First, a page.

Monthly Archives: March2015

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Pastor’s Blog:  Rev. Todd Watson   March 22, 2015

Sunday’s text in John’s gospel (John 12:22-30) comes from very near the end of Jesus’ public ministry. Just a few verses later, John moves us into the story of the Last Supper and Jesus’ final discourse to his disciples, and then of course into the arrest and trial and crucifixion of Jesus. But these words here are very nearly the final words Jesus said to the public before his trial. So it’s not surprising that this passage is filled with gloom and foreboding.

Of course, we’ve looked in the back of the book., and we know how the story ends. It will end with the empty tomb and the Resurrection. Jesus will be raised from the dead, death will be defeated, and we will celebrate the great feast of Easter.

But we’re not there yet. This is still Lent, and the Passion is yet to come. We’re still in the darkness, waiting for the light.  There are some hard sayings in this gospel passage. The first one is this: “Very truly, I tell you, unless a grain of wheat falls into the earth and dies, it remains just a single grain; but if it dies, it bears much fruit.”

In the gospel this sentence goes by so quickly you almost don’t notice it, and none of Jesus’ listeners comment on it. I think this is a pity, because this one sentence is a better description of the Passion of Jesus than almost anything else in the gospels.

Imagine being a grain of wheat. You might be a very good grain of wheat. You might be happy and contented being a grain of wheat. You might want nothing more in heaven and earth than to go on being a simple grain of wheat.

But you can’t. The grain of wheat has only two choices: it can give up everything it knows about being wheat, it can surrender itself to a process it doesn’t know and can’t understand, and it can sprout, and grow, and become a green and growing living thing with a power and a life that a grain of wheat could never even imagine.

Or… it can die, and rot, and become nothing but an empty husk. New life or nothingness; those are the choices. The grain of wheat might wish desperately for some third option, some other path, but there isn’t one.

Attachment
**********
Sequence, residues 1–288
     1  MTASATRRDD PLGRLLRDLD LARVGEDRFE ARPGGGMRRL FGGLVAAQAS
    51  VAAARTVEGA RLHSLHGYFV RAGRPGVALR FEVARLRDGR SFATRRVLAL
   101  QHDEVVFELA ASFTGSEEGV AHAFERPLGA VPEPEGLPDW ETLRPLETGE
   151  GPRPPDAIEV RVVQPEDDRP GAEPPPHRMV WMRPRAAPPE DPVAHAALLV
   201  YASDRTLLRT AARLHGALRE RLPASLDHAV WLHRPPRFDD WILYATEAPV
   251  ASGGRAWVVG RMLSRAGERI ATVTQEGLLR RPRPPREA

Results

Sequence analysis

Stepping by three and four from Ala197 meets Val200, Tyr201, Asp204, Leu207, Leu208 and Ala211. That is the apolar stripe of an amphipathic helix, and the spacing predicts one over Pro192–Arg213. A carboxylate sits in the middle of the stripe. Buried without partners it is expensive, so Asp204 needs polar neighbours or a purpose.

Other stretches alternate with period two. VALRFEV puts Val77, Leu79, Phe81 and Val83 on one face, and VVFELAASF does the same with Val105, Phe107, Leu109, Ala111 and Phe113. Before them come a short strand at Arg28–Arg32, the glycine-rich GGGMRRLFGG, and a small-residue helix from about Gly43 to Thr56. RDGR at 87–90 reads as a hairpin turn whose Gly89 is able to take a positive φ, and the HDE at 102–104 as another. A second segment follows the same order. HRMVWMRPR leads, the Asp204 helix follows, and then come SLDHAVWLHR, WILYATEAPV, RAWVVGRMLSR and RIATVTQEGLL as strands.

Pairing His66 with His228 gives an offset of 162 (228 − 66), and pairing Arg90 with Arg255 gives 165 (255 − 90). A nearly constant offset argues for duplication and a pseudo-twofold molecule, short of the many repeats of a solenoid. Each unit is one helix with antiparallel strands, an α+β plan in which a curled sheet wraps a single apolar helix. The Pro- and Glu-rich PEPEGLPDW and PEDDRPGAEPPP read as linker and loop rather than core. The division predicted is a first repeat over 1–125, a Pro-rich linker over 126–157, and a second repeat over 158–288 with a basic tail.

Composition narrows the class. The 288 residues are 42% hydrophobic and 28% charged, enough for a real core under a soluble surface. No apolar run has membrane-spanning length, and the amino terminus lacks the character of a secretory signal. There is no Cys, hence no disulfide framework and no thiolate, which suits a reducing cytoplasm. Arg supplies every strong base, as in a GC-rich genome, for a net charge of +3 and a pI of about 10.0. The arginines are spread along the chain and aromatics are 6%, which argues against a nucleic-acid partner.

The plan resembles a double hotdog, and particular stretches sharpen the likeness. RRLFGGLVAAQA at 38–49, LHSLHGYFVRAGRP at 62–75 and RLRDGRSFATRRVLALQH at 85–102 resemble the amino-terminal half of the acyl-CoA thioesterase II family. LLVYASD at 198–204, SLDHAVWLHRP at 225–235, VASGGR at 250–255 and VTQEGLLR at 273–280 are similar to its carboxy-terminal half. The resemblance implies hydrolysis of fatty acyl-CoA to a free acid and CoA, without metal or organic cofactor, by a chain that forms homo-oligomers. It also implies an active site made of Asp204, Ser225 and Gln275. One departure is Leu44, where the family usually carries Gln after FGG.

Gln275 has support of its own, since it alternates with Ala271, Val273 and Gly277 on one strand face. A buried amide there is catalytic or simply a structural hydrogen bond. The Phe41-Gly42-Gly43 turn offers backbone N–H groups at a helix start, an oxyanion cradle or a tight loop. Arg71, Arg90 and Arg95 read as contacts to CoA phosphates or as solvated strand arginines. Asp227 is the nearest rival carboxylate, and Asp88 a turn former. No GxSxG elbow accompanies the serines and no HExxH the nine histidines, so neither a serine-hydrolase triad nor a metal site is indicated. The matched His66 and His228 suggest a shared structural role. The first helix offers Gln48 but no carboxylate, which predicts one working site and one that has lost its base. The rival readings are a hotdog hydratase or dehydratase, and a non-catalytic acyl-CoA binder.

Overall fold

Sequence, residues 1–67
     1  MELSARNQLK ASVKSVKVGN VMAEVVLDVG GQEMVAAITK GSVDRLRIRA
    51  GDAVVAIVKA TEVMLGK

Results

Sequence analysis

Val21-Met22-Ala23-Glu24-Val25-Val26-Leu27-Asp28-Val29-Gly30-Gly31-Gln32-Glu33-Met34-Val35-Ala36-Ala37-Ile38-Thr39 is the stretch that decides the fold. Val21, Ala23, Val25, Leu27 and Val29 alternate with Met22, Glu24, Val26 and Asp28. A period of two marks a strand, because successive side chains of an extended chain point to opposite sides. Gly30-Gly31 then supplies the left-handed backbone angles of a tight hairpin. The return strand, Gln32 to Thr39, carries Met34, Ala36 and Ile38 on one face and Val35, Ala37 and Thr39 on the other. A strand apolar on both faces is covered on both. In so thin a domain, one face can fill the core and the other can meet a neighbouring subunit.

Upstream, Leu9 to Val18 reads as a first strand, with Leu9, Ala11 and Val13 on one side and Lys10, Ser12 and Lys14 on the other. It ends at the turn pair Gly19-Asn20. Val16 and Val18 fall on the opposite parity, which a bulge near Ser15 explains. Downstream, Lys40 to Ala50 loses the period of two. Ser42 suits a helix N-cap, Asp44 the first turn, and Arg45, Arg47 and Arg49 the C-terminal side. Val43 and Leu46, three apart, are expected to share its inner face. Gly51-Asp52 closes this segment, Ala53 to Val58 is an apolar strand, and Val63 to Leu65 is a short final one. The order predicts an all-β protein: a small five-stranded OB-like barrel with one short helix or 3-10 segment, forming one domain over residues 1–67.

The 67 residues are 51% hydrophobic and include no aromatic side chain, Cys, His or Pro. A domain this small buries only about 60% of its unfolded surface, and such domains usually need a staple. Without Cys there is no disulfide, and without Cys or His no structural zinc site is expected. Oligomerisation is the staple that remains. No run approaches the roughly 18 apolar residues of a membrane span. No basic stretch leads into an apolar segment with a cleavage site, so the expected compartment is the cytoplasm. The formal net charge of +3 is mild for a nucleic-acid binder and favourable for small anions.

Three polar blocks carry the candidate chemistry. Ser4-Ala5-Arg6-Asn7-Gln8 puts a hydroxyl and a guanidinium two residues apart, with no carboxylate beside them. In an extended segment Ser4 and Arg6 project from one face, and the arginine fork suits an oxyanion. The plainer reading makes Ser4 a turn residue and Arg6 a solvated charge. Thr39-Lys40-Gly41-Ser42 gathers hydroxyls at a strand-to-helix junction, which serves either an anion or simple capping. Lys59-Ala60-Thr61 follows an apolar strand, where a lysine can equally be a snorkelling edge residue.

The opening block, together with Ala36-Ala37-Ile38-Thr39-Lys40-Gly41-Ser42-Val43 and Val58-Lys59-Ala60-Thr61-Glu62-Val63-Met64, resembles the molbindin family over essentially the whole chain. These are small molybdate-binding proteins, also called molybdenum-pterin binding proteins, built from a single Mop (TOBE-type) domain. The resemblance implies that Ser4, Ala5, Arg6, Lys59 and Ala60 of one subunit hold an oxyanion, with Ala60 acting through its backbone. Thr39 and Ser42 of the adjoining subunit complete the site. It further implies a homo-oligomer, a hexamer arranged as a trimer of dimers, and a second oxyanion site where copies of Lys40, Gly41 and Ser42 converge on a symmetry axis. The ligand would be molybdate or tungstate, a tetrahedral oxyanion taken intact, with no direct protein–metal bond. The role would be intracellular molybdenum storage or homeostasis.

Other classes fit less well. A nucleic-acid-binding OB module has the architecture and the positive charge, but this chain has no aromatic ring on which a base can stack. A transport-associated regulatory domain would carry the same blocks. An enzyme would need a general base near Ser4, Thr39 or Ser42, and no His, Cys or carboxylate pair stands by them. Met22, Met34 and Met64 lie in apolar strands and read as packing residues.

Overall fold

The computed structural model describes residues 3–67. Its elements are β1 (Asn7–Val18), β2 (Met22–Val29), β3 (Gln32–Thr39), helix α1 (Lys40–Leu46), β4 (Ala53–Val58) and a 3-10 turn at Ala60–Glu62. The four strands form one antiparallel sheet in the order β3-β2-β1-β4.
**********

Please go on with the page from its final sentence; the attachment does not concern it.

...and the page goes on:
And this pattern, this movement from life to death to rebirth to new life, is the template that Christ has set for us with his death and resurrection. We might prefer it if there were an easier way, something kinder and gentler, but there isn’t. There is no path to transformation that does not begin with giving up what you are now. There is no path to rebirth that does not go through death. There is no path to Easter that does not go through Good Friday.

We are approaching Easter, probably the Most Holy day of Christianity.  And we will have a choice again this year, that we have every year as this Lent, Holy Week, Easter cycle returns.  Will we let go of who we currently are (in essence die to ourselves) in order to become who we can be in God, or will we remain only as we are, not growing or becoming in answer to God’s call.  May God bless our individual and group journeys into the Easter experience.


Prayer Shawl Ministry

The closet, and meeting area, has been relocated to the former Dura Segrest Sunday school room.  The Prayer Shawl Ministry Team meets on Tuesdays at noon for a brown bag lunch, fellowship, and blessing of shawls prior to distribution.  Anyone interested in learning to crochet or knit or would like to join this team are welcome.  If you would like to check out a prayer shawl, you may contact Vivian Pierce or Edwina Stokes at the 8:30 a.m. Worship Service, Carolyn Singletary or Pam Moore at the 9:00 a.m. Fellowship Service and Tina Hoda or Patricia Cameron at 11:00 a.m. Worship Service. Please document, in the notebook provided, the requested information concerning each shawl distributed.  To date, we have distributed 876 prayer shawls. This ministry operates on donations, if you would like to make a contribution, please make your check payable to MSUMC and mark it “Prayer Shawl Ministry”.